The story was officially discredited and the magazine eventually retracted the story. Last week, the Columbia Graduate School of Journalism released their investigative report on Rolling Stone’s article, an extensive report on every mistake Erdely, her editors, and fact checkers made with the story. The report (which I encourage every journalism nerd to read) noted that the magazine had made fundamental errors in reporting and editing by relying on a single source, failing to interview the people involved, and refusing to drop the story even when early on, there were multiple discrepancies in her account, something even Erdely acknowledged before the story was published.

What is so frustrating, despite the fact that the article was Rolling Stone's fault, is that they continue to blame it on Jackie. Their biggest error was that while Erdely was given numerous accounts of sexual assault claims, she wanted an account that was “emblematic” of campus sexual assault and pursued the most extreme and brutal case, even when there were signs early on that there weren’t a lot of facts backing it. She demonstrated that, despite her good intentions, she clearly didn’t understand rape culture or sexual assault. Sexual assaults are not quantified by how gruesome they are, or by how rare or brutal they appear. All sexual assaults are awful, they all embody the ludicrous and harmful idea that consent isn’t valuable. It doesn’t matter if the assault was committed by a stranger, a boyfriend/girlfriend/best friend. It doesn't matter whether the victim was a straight A student or a drug junkie, whether he/she was under the influence of alcohol, f it was  a gang rape, or a drunken encounter: they all represent a failure to respect boundaries or consent, and they are all traumatic and heartbreaking ordeals. They are all emblematic of rape culture. Instead of wanting to give an honest account of the reality and complexity of sexual assault, Erdely wanted an attention grabbing story, and failed to consider the consequences for both the accused and rape victims everywhere.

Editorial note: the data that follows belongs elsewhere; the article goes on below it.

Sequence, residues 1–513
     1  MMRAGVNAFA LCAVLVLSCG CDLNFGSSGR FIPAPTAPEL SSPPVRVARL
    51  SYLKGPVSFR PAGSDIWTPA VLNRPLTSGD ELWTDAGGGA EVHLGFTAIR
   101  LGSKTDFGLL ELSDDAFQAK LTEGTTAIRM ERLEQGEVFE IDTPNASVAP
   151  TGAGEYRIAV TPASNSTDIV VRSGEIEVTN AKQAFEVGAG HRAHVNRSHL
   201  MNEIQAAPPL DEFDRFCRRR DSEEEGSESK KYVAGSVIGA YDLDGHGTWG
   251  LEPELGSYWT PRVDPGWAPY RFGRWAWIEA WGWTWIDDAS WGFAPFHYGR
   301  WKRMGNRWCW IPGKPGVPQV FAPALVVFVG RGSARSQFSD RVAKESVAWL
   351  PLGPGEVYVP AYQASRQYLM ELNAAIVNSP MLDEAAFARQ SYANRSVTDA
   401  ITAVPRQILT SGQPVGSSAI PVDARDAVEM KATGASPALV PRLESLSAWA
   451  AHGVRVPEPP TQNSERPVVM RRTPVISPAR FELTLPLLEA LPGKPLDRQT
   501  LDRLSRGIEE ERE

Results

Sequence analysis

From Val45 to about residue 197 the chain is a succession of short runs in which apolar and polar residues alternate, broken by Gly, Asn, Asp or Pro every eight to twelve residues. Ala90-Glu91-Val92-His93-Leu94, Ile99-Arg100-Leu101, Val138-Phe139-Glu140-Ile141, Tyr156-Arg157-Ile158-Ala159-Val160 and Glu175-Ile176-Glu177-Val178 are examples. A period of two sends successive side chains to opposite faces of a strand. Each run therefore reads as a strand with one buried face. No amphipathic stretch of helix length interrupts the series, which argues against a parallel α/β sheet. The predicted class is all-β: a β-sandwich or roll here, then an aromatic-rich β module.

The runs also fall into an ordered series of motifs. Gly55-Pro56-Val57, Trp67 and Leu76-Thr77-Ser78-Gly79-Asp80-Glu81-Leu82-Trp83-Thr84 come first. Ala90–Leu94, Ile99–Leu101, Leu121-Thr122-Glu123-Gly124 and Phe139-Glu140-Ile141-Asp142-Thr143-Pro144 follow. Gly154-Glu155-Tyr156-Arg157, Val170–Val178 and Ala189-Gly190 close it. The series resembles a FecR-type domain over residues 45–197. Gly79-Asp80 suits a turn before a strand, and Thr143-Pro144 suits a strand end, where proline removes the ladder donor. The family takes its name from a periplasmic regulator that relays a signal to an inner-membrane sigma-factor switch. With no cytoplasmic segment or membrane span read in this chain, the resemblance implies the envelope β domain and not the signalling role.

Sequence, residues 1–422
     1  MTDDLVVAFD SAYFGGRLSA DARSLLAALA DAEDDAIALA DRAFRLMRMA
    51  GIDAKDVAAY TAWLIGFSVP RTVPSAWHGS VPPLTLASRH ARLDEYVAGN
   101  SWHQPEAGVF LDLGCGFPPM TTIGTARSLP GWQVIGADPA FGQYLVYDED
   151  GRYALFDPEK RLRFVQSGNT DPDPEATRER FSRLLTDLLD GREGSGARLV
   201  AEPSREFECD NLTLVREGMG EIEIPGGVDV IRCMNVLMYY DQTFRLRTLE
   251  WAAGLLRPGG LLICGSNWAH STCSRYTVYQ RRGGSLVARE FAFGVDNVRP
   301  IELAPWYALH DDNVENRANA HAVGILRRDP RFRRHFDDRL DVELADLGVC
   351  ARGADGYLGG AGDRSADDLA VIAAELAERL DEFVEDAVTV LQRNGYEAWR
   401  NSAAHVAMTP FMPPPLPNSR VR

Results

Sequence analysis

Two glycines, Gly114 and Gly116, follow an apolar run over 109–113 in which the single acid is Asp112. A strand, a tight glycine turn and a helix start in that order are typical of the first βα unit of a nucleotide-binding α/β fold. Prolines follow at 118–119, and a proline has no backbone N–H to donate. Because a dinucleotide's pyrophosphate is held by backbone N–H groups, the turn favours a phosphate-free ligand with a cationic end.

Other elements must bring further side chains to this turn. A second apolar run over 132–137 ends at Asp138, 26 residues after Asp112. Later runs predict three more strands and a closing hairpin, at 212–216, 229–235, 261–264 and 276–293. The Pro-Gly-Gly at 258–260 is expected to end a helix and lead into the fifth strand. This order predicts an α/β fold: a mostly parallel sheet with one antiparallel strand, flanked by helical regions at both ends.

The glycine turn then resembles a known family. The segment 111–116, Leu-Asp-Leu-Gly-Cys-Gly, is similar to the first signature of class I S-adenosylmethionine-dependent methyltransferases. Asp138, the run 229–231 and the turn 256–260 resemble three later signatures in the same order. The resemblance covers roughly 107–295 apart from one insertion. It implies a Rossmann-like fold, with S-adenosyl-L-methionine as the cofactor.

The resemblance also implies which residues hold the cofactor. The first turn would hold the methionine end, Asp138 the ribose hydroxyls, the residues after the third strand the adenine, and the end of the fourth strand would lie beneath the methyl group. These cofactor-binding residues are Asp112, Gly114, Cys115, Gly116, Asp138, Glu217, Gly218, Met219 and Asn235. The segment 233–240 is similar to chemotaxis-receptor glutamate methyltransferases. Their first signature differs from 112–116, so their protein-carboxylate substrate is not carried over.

Rolling Stone’s story was more than a journalistic failure: it left a trail of untold damage in its wake. The Phi Sigma Si fraternity was relentlessly vandalized, many prominent campus administrators had their names smeared in the mud, and, worst of all, the story set back efforts for sexual assault survivors everywhere. Several UVA sexual assault activists have noted that they’re worried more victims will be afraid to report their accounts, and the article sloppily handled a sensitive and complex issue. Though Rolling Stone alleges that the Columbia report was “punishment enough”, it sure as hell isn’t punishment enough.

This doesn’t mean that sexual assault prevention campaigns won’t be effective. The It's On Us campaign has gained momentum across college campuses, universities are under investigation, and the reception of the documentary The Hunting Ground demonstrates that efforts are still going strong. Despite Rolling Stone’s failure, there is still hope that the stories of sexual assault survivors will be heard, and rape culture can (and will be) dismantled.